Justice Marilyn S. Kite, the first woman to serve on the Wyoming Supreme Court, is retiring this summer.
Chief Justice E. James Burke announced Wednesday that Kite will retire in August after over 14 years of service on the court.
Kite, a Jackson resident, was appointed by former Gov. Jim Geringer in 2000 and retained by election in 2002 and 2010. She served as chief justice from 2010 to 2014.
"This is a bittersweet moment for me," Kite said in a prepared statement. "Serving on the court has been a privilege and an honor. I will greatly miss my colleagues, the men and women of Wyoming's judiciary, and the dedicated Supreme Court staff and wish them all well as they continue to serve the citizens of this state."
Kite said she looks forward to continuing to work with the court and the Wyoming Bar Foundation on the development of the new Judicial Learning Center.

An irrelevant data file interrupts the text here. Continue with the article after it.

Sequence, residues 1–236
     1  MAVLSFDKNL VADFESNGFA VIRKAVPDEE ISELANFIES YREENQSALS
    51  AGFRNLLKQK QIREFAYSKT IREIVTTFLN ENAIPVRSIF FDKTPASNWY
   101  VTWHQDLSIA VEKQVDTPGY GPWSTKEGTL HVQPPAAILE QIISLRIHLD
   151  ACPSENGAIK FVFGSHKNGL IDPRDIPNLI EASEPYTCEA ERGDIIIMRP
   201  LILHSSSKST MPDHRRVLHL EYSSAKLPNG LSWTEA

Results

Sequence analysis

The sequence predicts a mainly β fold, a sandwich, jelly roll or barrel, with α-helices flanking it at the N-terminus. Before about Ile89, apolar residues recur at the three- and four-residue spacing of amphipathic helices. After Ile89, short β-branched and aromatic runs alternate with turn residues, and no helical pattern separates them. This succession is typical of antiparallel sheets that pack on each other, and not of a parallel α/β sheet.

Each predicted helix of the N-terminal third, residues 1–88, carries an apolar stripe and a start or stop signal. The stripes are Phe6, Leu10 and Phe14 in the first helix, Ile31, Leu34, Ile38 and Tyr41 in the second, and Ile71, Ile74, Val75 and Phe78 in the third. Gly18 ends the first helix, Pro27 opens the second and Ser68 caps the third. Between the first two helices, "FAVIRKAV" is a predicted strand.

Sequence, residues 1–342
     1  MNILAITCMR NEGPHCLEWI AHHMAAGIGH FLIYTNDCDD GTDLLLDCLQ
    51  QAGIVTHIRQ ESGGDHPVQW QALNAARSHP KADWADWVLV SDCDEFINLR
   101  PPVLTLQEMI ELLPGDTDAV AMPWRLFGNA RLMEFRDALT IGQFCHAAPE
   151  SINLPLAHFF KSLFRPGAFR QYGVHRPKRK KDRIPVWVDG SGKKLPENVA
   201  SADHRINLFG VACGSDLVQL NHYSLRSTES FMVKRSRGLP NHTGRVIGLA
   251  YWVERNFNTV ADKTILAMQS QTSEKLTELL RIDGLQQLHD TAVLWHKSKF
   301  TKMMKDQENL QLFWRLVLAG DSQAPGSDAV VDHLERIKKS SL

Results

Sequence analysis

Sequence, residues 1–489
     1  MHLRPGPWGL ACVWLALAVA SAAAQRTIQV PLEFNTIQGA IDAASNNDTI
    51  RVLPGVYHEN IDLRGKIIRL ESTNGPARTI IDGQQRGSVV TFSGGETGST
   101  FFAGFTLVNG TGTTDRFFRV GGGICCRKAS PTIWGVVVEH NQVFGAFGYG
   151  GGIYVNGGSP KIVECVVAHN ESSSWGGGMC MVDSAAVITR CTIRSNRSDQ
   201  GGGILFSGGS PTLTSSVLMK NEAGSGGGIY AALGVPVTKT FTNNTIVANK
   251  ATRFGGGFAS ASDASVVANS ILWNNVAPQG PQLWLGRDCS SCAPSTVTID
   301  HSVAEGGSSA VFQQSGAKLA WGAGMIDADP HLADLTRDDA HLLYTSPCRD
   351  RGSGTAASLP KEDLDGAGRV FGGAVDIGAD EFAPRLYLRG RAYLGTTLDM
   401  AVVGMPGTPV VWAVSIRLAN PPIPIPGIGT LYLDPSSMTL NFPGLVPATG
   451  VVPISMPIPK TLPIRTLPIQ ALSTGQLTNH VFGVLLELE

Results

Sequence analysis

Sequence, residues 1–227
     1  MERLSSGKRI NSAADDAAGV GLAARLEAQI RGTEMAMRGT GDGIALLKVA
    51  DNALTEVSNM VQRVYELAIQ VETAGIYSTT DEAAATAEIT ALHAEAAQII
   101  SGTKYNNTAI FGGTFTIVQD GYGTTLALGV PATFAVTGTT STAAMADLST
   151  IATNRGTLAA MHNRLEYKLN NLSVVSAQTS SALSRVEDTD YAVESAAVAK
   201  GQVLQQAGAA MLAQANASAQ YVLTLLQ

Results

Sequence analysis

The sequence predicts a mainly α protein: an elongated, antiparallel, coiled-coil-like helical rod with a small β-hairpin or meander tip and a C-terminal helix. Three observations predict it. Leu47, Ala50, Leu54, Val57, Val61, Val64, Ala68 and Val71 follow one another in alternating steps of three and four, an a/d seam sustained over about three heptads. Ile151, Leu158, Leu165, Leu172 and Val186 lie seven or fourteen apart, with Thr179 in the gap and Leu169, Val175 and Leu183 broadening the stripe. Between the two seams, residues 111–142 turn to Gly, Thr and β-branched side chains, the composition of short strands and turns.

Kite, 67, was born and raised in Laramie and lives in Jackson, according to the release. She received her undergraduate and law degrees from the University of Wyoming. She worked as a lawyer for the state and for the Holland and Hart law firm before joining the court.
As chief justice, Kite advocated for improvements to court security, expansion of civics education, and the promotion of women interested in the law, the release states.
"We will miss her," Burke said of Kite, calling her a wonderful person and colleague. "She has contributed immeasurably to the citizens of this state and our system of justice."
Kite issued a formal notice that the state's Judicial Nominating Commission will accept expressions of interest from lawyers qualified to fill the vacancy through April 8.
Gov. Matt Mead will appoint Kite's replacement from a list of three finalists submitted the Judicial Nominating Commission submits to him.
Burke serves on the nominating commission allowing with lawyers Bruce A. Salzburg of Cheyenne, P. Craig Silva of Casper and Richard H. Honaker of Rock Springs. There are also three non-lawyers on the panel: Gina Monk of Gillette; Janine Thompson of Cheyenne; and Lori A. Emmert of Douglas.
Among the requirements to serve on the Wyoming Supreme Court are that a lawyer must be at least 30 years old, have at least nine years of experience in the practice of law and be a resident of the state for the past three years.